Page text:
Government launch two online net zero calculators

09 Dec 2020

By Patrick Royce 

The Road to Net Zero

The UK is committed to achieving net zero greenhouse gas emissions by 2050 under the Climate Change Act. We all know some of the things that will help us on that journey, like renewable electricity generation and electric cars. But how much of each do we actually need to achieve net zero?  To help you answer that question, the Department for Business, Energy & Industrial Strategy have developed two new online calculators for creating pathways to net zero, called My2050 and the MacKay Carbon Calculator. They were launched at an event on 03 December with an opening keynote by Minister Kwarteng, within whose portfolio net zero falls.


My2050 is a universal tool with 15 user controls or ‘levers’ of decarbonisation, for which you can choose an ambition level between 1 and 4,  and see the effect in a greenhouse gas meter and interactive animation. Level 1 represents minimum effort, and 4 is extreme effort to decarbonise. It is to help the general public and schools to understand about net zero, the key ways to achieve it, and the ways in which individuals can help through their lifestyle choices. You can save your pathway, or share on social media using #My2050UK.

The MacKay Carbon Calculator

The MacKay Carbon Calculator is a more detailed tool with 45 levers of decarbonisation, where you also choose ambition levels between 1 & 4. The calculator is an update to the original ‘2050 calculator’ launched by DECC in 2010, for which the late Sir David MacKay was the driving force. The original calculator saw wide use in undergraduate teaching for courses related to energy. We hope to emulate this with the MacKay Carbon Calculator, and Prof Rebecca Willis of Lancaster Environment Centre and expert lead for the Citizen’s Assembly told the event of her intent to share with her undergraduates students.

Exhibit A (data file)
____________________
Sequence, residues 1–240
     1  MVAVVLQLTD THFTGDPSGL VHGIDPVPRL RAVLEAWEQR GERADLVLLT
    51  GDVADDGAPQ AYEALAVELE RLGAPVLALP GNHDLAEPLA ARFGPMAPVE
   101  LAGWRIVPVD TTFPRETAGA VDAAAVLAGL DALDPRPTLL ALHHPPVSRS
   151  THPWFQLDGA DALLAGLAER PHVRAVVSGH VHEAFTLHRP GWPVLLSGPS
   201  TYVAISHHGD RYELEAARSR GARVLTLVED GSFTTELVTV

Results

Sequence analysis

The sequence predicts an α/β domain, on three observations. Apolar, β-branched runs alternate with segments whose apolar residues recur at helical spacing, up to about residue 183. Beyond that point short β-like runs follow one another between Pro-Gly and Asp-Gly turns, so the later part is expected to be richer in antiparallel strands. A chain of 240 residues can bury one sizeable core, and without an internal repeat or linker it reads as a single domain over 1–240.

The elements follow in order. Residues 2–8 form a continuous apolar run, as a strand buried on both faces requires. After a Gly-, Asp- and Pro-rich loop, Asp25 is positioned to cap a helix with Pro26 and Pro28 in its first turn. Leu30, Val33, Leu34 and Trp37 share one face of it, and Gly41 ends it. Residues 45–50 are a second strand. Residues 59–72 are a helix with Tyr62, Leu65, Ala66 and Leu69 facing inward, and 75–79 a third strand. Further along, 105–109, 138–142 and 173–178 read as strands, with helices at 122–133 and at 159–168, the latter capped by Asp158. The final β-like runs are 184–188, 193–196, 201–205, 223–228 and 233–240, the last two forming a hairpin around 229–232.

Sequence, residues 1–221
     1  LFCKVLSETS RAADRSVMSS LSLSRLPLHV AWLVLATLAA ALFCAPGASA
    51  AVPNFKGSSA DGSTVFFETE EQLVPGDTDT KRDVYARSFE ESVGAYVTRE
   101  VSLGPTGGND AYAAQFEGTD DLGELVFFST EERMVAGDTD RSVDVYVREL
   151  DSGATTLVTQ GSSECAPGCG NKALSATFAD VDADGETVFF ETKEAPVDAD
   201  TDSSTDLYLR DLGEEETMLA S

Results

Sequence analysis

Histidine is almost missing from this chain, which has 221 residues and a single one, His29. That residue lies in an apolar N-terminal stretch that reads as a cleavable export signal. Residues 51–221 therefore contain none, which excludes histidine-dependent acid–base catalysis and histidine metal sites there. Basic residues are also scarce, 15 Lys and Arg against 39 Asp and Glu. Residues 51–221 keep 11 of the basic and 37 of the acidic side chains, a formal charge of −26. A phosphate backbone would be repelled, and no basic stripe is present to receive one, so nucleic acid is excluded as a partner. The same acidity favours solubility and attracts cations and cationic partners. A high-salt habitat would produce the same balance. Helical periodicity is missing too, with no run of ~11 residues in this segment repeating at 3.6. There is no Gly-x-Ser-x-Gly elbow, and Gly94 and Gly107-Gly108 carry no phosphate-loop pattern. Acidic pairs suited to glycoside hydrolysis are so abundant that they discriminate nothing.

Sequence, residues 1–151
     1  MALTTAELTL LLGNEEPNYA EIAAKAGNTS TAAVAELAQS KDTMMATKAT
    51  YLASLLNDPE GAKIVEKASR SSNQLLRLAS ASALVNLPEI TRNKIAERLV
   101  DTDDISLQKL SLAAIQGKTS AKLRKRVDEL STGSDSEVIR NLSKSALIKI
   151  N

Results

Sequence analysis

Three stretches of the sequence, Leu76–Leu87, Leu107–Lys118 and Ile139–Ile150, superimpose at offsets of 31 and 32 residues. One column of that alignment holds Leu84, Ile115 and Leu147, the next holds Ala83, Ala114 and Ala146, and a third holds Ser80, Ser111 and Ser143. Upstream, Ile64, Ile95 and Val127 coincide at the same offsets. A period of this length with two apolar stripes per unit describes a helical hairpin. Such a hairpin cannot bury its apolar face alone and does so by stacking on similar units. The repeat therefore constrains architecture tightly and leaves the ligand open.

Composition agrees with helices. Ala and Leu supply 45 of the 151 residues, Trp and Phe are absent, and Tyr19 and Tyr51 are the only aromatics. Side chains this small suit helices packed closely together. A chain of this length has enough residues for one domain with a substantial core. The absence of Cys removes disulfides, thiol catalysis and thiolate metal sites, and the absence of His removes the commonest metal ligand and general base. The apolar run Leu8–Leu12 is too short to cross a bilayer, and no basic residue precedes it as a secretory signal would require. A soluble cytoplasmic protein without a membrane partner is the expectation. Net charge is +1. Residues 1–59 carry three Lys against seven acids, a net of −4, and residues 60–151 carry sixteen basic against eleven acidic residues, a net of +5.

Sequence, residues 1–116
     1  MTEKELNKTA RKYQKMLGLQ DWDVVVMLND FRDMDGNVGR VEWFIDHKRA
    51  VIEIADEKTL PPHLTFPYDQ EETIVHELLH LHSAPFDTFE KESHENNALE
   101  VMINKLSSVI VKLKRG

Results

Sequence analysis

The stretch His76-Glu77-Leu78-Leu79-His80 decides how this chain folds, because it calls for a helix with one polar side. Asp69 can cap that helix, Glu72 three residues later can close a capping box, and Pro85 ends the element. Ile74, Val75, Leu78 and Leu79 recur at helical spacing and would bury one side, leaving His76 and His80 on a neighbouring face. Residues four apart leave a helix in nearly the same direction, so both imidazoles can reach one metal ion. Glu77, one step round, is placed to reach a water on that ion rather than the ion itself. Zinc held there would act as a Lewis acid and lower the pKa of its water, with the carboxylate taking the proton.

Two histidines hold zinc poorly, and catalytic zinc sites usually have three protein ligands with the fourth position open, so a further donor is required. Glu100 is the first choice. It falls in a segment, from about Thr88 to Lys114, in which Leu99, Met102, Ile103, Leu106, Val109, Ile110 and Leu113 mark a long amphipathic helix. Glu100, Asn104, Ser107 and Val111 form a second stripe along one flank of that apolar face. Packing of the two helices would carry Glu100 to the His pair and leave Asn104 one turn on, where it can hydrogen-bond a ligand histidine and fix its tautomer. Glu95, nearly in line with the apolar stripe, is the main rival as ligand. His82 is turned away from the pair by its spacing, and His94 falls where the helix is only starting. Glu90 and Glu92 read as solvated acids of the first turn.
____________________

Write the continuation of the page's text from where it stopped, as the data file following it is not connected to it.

Difficult Choices

The Calculator in many cases invites you to make a selection between competing options. For example, should buildings heat be provided by district heating, heat pumps, hybrid heat pumps, or a gas grid that has been decarbonised using low carbon hydrogen and biogas? Or a mixture of those options? Should we use more land for forestry and bioenergy, and if so, will this require changes to our diet in order to free up land currently used for livestock?

The question of diet is a sensitive subject. Our need for livestock, particularly ruminants like cows and sheep, to satisfy our current demand for red meat and dairy in our diets, lead to methane emissions from enteric fermentation which contributes significantly to UK emissions. This livestock also requires a large proportion of UK land area. In order to increase forestry and bioenergy, we will need to reduce livestock, by eating less red meat and dairy. Or switching to white meat, meat substitutes, or a meat-free diet.

The levers are grouped under categories (transport, buildings, etc.) and the lever list can be expanded or collapsed by clicking the heading. For an information sheet, click the lever name. The changes corresponding to the ambition levels 1 to 4 were proposed by an expert group. The tool has 30 interactive graphs with information about emissions and energy use for each of the lever headings. If you want to change the default timeline for lever deployment, click the ‘2100 Mode’ button.

However, beware when creating your pathway that you don’t activate one of the three warnings in the bottom right of the tool. In particular, the biomass warning is set at the CCC Global Governance and Innovation scenario maximum biomass availability. It would be easy to achieve net zero if there was limitless sustainable biomass!

The MacKay Carbon Calculator

About the Author:

Patrick Royce is an energy engineer in the Science & Innovation for Climate and Energy Directorate at BEIS. After completing a Ph.D. in biochemical engineering at UCL he worked in engineering design for two large contractors, followed by roles in primary manufacturing for a major pharmaceutical company and a nuclear consultancy. He joined BEIS in 2017.